Straten takes on tough-to-beat Pascrell for the second time in as many cycles

PATERSON – Since U.S. Rep. Bill Pascrell defeated Bill Martini in 1996, he has mowed through a list of six challengers with lopsided ease in defense of his 8th Congressional District seat.

There is no evidence to suggest this year will be different.

Whipped in 2008 in this more than 2-1 Democratic district, Roland Straten is back this year to challenge Pascrell, the first on a list of GOP opponents to run a campaign against the congressman after taking a beating the first time.

“That’s the reason I’m running again,” the businessman acknowledged when asked him if the times changed in the two years since Barack Obama won the presidency.

“This time, I’ve got a shot. The Left doesn’t know what to make of the Tea Party movement.”

In 2008, with Pascrell on a ticket headed by Obama, Straten collected 28.6% of the vote to the congressman’s 71.4%. It’s about where most of his fellow Republicans clocked in over the past six years. George Ajjan garnered 29.2% of the vote to Pascrell’s 70.8%. Jose Sandoval won 27% to Pascrell’s 73%. 

Still, the Obama factor two years ago gnawed at Straten. He felt he got caught in a national tide that washed him under early. Things changed in the interim. Chris Christie defeated Jon Corzine, and Republicans swept to victory in last year’s freeholder races. Straten told GOP chairmen Scott Rumana (Passaic) and Kevin O’Toole (Essex) that failing the appearance of a self-funding Scott Sipprelle-type candidate, he would like to take another crack at Pascrell.

No one else materialized.

If the 69-year old Straten is little more than a GOP placeholder to fill a line on a ticket aimed exclusively at winning control of the freeholder board, he gives no indication that he’s in this to lose.

“Inner city voters have given their votes to Democrats without any reward to show for it,” said the candidate. “We have a jobless rate in Paterson of 14%. What is that is so good about that?”

Stunned last year with the loss of his freeholder candidates, Passaic County Democratic chairman John Currie said the presence of Pascrell – and Passaic County Sheriff Gerry Speziale – adds a positive dynamic to his party’s ticket.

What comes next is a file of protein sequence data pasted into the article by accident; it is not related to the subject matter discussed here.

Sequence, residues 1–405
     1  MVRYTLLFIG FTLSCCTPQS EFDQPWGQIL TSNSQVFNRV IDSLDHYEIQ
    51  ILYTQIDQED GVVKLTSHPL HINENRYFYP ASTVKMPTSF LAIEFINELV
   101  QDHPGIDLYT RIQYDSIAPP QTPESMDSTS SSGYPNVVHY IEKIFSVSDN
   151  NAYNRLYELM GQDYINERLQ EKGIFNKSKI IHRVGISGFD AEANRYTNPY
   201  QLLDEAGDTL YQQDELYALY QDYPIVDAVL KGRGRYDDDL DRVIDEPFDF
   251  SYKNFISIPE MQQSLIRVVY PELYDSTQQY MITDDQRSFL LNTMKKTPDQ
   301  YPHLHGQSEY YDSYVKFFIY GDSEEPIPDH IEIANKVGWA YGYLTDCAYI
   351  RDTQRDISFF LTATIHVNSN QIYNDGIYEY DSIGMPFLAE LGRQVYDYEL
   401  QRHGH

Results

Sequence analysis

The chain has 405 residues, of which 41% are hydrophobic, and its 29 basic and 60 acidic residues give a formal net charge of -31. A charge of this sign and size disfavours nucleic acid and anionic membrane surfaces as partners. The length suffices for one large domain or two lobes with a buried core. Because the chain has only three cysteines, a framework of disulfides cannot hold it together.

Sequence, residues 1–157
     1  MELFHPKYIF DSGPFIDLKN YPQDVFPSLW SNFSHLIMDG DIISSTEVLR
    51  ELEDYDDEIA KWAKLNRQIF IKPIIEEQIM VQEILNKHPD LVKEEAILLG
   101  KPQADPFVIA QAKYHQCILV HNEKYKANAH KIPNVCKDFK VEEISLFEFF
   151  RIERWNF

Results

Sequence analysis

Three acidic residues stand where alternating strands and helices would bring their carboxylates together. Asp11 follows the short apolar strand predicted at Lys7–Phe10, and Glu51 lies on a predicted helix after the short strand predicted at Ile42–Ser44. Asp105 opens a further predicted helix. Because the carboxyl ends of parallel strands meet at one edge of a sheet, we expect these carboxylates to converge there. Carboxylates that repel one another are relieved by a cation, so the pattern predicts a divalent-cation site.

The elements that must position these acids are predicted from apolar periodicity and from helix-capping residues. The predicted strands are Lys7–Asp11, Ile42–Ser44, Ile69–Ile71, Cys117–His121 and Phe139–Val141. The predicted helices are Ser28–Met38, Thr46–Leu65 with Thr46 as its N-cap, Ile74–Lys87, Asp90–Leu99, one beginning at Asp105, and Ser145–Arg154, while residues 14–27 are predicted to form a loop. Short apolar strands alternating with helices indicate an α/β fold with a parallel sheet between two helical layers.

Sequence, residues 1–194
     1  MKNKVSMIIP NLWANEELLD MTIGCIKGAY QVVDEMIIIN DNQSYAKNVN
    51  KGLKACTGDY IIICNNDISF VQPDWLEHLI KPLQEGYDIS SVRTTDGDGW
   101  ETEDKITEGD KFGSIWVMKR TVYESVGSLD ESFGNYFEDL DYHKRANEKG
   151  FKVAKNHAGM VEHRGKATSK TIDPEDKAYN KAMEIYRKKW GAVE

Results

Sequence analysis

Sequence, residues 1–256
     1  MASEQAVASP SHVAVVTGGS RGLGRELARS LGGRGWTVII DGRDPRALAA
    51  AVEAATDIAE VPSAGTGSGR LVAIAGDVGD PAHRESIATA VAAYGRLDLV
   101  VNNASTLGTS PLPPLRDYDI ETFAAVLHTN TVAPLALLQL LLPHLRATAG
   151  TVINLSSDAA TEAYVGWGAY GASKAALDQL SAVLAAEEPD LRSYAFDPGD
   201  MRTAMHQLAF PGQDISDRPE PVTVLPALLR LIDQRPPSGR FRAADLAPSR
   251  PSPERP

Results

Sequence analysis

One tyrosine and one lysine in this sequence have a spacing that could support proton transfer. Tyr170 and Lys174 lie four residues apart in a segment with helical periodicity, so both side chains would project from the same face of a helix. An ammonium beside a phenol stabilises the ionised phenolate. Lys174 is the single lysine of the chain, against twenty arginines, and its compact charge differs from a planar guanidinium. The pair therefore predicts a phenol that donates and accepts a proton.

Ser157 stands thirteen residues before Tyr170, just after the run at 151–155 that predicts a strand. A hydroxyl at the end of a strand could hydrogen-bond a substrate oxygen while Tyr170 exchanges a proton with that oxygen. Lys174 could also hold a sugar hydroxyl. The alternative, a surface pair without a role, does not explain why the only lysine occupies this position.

“Their popularity at the top of the ticket helps, certainly,” Currie told “They’re both enormously popular.

“I’ve been around politics long enough to know you never say anything is impossible, but I can tell you the congressman is out there working extremely hard,” added the chairman when asked about Straten.

Given the chance in conversation, the GOP challenger stays focused on the national scene and animatedly gets into the issues and goes after the congressman’s record. “How many times is this guy going to make a mistake?” he griped, referring to Pascrell’s aye votes on the Iraq War and healthcare reform, the first of which Pascrell later said was a mistake, and the latter of which the congressman admitted was far less than ideal.

Pascrell spokesman Paul Brubaker said Pascrell “remains a supporter of the public option,” but accepted the second healthcare reform bill as an advance in that direction.

Anyway, regardless of the finer issue points, the numbers don’t lie. The congressman has $1.6 million cash on hand, compared to $39,000 for Straten.

The district itself is apparently tailor-made for Pascrell.

A former mayor who still lives in Paterson, the congressman to start with commands a base in the biggest city – by far – in the 8th district, home to 54,614 registered voters. The next biggest city in the 8th is Clifton, with 38,896 registreds. Straten lives in Montclair – per capita one of the most Democratic Party dominant towns in the state.

“People were friendly when I campaigned in Paterson, but they actually booed in my hometown,” he said. “We were even pulled over by the cops for driving too slowly.”

The Paterson-Straten connection is longstanding. His family has run their business, Associated Fire Protection, in the Silk City since 1947. Right now, the company employs about 60 people and has not laid anyone off in tough economic times.

As he heads toward retirment, Straten, a Navy veteran of the Vietnam era, attempts to make the transition to public service. “Straten” signs stand all over the company garage. A big conference room has been converted into campaign headquarters. The challenger notes that he has spent his entire life in private enterprise while Pascrell has trudged dutifully from one government job to the next.

The pair have a history.

Straten served on the Paterson Chamber of Commerce when Pascrell was mayor.

“He’s a helluva politician,” Straten conceded of his rival. “I don’t know how he gets small buisness people to vote for him. He walks around with this pro-business image. You’d think he was 100% pro-business. Bottom line is he’s not an executive. He’s not a doer. He’s a BS artist. We worked together on the Paterson Economic Development Corporation. Check. I worked. I did all the heavy liffting, although he will claim credit for everything. I got $200,000 to $300,000 from area businesses, and Bill Pascrell could not get the city to put up 50 grand.

“This guy, he’s amazing to me,” he added.


Straten takes on tough-to-beat Pascrell for the second time in as many cycles